Fred Hiltz has been Primate of the Anglican Church of Canada for about ten years. During his tenure, the church has lurched into a radical heterodoxy beyond the wildest longings of the Screwtapian Principalities assigned to gently steer it into the Pit, tens of thousands of parishioners have fled, congregations have left en masse to form a new Anglican Province, conservative priests and theologians have been persecuted, driven out, inhibited and fired, and multiple scorched-earth lawsuits have been instigated by his beloved church with a studied vindictiveness that makes Attila the Hun look like Winnie the Pooh. It’s been nothing but devastation and chaos.
It is little wonder that Hiltz wants to get out now before the whole putrid, corrupt moldering edifice collapses around his ears. The search for his replacement will, no doubt, concentrate on scouring the land – and overseas if necessary – for a suitable candidate in the form of a partnered lesbian who dabbles in Buddhism in her spare time.
Now, dear friends is such a time for our beloved Church, a time for me to make plans to conclude my years of service as Primate, and time for the Church to make the arrangements necessary for the election of a new Primate.
In 2017, I marked 40 years in ordained ministry and 40 years of marriage with my dear Lynne. For 23 of those 40 years I have served our Church as a bishop, and for 10 of those 23 as Primate.
As you well know this was not an office to which I aspired. Nonetheless I have endeavoured to fulfil the duties required of me in the best interests of our Church and its commitment to God’s mission in Canada and as a loyal partner in the life and witness of the worldwide Anglican Communion.
It has been an enormous privilege and a great adventure with blessings beyond number. This year on December 3rd,I will God willing reach the age of 65. I think that is probably no secret in our Church! And in the natural order of discourse around such milestones, questions arise with respect to one’s intentions about retirement. I believe it is incumbent upon me to help move us all beyond whispered speculations to clarity about my intentions.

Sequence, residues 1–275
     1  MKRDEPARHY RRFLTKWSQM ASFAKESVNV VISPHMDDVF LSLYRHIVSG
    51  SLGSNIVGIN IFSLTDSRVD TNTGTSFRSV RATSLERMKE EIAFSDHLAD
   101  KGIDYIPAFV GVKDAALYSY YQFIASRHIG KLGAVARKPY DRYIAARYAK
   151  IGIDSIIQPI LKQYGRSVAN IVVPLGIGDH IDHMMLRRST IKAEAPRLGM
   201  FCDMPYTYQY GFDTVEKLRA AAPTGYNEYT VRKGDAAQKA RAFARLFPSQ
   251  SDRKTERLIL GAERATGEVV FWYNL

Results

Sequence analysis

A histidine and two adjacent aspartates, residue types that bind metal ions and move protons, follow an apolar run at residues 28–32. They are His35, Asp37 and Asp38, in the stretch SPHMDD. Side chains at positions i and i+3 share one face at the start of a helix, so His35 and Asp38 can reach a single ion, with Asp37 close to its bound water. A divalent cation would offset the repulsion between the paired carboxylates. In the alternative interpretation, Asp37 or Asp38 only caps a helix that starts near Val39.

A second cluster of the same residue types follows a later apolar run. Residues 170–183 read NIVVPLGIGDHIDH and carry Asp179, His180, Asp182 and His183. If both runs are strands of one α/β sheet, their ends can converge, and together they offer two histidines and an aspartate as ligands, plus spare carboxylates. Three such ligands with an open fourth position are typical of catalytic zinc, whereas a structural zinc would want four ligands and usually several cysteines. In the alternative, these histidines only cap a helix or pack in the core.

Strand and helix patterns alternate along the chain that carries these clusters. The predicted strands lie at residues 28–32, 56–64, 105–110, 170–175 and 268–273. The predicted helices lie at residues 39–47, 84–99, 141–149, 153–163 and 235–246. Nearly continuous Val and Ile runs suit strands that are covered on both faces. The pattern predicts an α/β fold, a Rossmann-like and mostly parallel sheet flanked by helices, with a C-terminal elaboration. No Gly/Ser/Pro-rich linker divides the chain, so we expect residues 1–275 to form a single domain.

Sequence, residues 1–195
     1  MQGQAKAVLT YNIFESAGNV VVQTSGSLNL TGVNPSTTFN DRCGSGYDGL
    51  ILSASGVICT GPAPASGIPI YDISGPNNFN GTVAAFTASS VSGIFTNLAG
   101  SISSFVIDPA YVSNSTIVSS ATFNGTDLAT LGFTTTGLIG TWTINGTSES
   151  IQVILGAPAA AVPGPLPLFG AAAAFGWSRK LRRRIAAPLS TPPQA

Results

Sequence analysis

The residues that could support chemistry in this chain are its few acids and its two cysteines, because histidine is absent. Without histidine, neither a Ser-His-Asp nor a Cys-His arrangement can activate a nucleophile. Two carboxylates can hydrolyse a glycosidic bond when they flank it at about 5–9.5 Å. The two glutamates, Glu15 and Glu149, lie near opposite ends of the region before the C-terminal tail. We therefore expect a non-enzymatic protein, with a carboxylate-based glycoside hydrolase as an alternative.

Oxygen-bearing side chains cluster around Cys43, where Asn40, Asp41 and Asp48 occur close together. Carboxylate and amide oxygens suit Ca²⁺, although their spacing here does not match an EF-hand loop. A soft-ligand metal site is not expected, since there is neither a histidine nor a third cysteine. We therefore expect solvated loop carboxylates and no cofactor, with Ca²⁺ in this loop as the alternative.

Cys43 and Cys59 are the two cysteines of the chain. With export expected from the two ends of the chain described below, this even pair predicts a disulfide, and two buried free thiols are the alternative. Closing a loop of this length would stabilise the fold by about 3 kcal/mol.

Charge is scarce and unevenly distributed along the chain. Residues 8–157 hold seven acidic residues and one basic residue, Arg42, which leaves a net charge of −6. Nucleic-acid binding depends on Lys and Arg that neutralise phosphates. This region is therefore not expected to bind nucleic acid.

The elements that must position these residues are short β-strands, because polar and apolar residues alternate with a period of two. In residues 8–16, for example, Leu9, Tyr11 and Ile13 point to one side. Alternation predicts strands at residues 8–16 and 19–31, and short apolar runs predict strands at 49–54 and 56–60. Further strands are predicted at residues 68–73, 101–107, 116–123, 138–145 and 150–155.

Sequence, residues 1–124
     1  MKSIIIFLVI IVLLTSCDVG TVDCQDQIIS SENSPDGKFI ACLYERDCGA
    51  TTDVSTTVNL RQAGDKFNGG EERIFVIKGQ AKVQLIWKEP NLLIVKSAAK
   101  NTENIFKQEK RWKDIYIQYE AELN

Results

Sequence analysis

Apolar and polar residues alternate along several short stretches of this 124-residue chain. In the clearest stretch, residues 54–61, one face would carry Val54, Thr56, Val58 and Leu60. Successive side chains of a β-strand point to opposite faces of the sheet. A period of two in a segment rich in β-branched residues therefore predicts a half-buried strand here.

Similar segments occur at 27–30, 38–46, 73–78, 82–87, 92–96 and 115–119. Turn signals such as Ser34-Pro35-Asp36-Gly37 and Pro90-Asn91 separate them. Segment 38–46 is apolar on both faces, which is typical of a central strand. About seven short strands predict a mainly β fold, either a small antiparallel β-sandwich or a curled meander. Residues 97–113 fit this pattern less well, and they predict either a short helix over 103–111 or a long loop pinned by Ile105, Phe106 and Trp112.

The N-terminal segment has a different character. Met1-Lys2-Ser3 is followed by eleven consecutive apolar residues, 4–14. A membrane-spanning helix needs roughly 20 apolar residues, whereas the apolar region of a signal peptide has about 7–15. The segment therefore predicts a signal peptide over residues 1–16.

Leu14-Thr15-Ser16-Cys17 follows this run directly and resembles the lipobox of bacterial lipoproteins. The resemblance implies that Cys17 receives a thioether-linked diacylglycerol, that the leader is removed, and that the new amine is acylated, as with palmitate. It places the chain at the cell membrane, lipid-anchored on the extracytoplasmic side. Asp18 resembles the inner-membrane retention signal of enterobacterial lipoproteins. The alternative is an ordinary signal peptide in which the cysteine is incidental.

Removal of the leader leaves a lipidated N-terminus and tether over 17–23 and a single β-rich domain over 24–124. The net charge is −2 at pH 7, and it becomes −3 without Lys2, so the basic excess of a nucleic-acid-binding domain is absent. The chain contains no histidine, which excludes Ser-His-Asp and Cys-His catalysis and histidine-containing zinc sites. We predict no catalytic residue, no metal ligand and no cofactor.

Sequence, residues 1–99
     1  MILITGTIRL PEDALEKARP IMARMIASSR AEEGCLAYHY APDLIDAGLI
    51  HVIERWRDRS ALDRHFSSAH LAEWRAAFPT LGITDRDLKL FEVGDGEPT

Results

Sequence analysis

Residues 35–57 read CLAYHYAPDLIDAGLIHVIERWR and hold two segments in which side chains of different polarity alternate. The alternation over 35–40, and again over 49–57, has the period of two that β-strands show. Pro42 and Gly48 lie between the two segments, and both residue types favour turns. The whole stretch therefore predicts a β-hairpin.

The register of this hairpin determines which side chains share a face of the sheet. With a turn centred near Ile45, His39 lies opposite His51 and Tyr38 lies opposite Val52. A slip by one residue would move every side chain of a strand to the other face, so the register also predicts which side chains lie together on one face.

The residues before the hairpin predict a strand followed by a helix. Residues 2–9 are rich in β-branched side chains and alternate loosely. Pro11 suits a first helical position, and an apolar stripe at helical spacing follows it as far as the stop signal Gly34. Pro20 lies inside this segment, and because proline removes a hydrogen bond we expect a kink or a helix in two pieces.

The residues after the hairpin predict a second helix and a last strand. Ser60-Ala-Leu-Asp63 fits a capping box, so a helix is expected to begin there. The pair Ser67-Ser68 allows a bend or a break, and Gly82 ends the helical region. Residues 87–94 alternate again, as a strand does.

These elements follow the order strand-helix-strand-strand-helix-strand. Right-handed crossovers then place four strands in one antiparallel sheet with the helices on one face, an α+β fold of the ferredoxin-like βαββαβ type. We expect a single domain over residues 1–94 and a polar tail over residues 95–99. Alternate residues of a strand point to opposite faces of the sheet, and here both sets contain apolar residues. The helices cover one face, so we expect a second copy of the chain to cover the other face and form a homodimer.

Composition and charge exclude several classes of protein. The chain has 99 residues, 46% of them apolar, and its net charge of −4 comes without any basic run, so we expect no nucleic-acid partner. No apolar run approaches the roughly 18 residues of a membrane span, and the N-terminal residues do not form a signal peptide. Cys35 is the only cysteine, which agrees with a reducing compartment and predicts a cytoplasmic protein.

Allow me just a few minutes to bare but a bit of my soul concerning my discernment. At some length, I have considered how much longer I should remain in office. In all honesty, there are days when I wonder if I might not be coming very close to the “best before” date in the leadership I am providing. Time and again, I have examined the scenarios for which Canon III on The Primate makes provision with respect to resignation.
I have experienced more than a few restless nights. I have tried to abide by St Paul’s counsel not to be anxious but prayerful (Philippians 2:6) I have prayed and I have quietly asked a few others to uphold me in their prayers through this time of discernment. For their pledge to do so I am enormously grateful.
I confess too that out of a deep and a biding love for our Church I have in these last several months felt more than a little sense of solemn obligation to see General Synod through the next round of conversations over a few very significant matters. I think of how we begin to move beyond Vision 2019. I think of the second reading of the amendment to the Marriage Canon.